Thursday morning while trains, planes and automobiles toted Twin Cities residents to their stations of labor, Will Steger began a commute of his own, from Ely to Burchell Lake, Ontario.
But rather than carrying a briefcase or a lunch bucket, Steger loaded his vehicle with a 12-foot-long canoe-sled, two paddles, a single-burner stove and enough oatmeal, butter, cheese, rice and pork to sustain him for a few weeks, or 150 miles through the bush, whichever comes first.
“I’ll be traveling alone in part because it’s safer being alone this time of year,” Steger said. “During spring breakup, when you travel on ice and water, or both, you often have to make decisions really fast, which is easier if you’re alone.”
Thirty-one years have passed since Steger led the world’s first unsupported trek to the North Pole by dogsled. He’s also crossed Greenland by dogsled, the longest such unsupported expedition in history at the time, in 1988, following which in 1995 at age 50, he spearheaded the first and only dogsled crossing of the Arctic Ocean, Russia to Canada’s Ellesmere Island.
Now Steger is 72 and from his encampment outside Ely, he longs still to move on.
In ways he’s done so since he was a kid growing up in Richfield, when in his early teens he stole down the Mississippi to New Orleans in a small boat. This would be about his last southbound trip. A renowned polar explorer whose ice cred rivals that of Perry or Amundsen, Steger knows for him from which direction the bell tolls:
“I lived 25 years off the grid at my home outside Ely, and had to cross two lakes to get there from the nearest road,” he said. “In spring and fall, I learned how to travel on thin lake ice with a canoe. I used the same skills six or seven times crossing the Arctic Ocean, including on our ’95 traverse from Russia to Canada.”
To satisfy his wanderlust, Steger has continued sojourning — solo — in recent years, beginning in March and continuing into April, a challenging but beautiful occasion for travel in the north. For conveyance he employs a custom, two-ended watercraft designed, constructed and rigged with runners by canoe maker Ted Bell. The outfit weighs about 200 pounds, including gear.
Over strong ice, Steger will pull the canoe behind him, traveling oftentimes at night, when footing is most assured. Encountering water, he’ll paddle.
On these trips, Steger has seen wolves and moose and otters and the odd fisher. He expects this time in the early going to encounter no waterfowl, or few. Then Canada geese will sprinkle in, followed often at night by mass migrations of ducks and songbirds, the latter exhausted by their extensive flights, descending into the woods en masse too tired to sing.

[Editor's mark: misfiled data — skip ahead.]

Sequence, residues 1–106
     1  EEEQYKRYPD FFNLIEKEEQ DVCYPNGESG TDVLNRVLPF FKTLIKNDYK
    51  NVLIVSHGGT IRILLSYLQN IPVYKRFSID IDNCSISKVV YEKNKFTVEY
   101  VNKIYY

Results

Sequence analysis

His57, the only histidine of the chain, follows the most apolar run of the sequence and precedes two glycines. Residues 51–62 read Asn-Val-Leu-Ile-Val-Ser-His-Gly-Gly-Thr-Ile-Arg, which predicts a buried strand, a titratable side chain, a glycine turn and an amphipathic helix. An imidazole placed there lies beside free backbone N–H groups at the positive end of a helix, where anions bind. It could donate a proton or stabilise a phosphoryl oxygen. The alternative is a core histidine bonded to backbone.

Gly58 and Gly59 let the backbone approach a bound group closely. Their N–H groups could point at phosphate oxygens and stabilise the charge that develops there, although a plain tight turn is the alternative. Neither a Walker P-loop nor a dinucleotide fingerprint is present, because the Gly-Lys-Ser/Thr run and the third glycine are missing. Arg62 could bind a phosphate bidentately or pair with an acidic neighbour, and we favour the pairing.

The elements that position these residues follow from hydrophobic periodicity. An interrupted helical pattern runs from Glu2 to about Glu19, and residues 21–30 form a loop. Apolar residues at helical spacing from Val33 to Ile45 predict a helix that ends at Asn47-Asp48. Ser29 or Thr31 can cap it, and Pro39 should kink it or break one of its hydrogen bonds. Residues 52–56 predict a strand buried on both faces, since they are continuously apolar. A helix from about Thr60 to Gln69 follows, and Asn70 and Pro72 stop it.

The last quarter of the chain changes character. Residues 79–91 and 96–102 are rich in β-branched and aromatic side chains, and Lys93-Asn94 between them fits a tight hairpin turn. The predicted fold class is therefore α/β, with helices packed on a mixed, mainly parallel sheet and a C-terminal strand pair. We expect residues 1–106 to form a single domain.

“I’ll burn about 6,000 calories a day, sometimes a lot more, so I’m really particular about my food,” he said. “I don’t eat any dehydrated foods, only whole foods. Mostly I eat a small bite here and there. I rarely stop for long. My staples are butter and cheese. In the evening, I might have pork and rice and make bannock.”
This year from his jumping-off point at Burchell Lake, northeast of Quetico Provincial Park, Steger will follow the Waweig River, which gathers copious oxbow feeder creeks and rivers before draining into Kawnipi Lake in the Quetico.
“People ask me if I get lonely,” he said. “I’m a social person. I like people. But I also like being alone. Especially in spring, which is such a peaceful, optimistic time. Traveling then I live totally in the moment.”
A thinker, with a bachelor’s degree in geology, a master’s in education and a handful of honorary doctorates, Steger hopes soon to complete the physical structure of the Steger Wilderness Center, built on his homesite near Ely. There he envisions policymakers and leaders in various fields brainstorming for solutions to environmental problems.
“The wilderness is a good place to break down barriers and solve problems,” he said.
First, however, there was Thursday morning’s commute, Ely to Burchell Lake.
Along for the ride was a satellite phone, with which Steger will report his location each evening and detail conditions he encountered the previous 24 hours.
Here’s a link to those updates: stegerwildernesscenter.org/expeditions/solo-2017.
“On these trips,” Steger said, “I get to participate in spring breakup. To do so safely, I have to be ever-present with the sounds and sights and conditions I encounter. That’s the beauty of it.”
Dennis Anderson email@example.com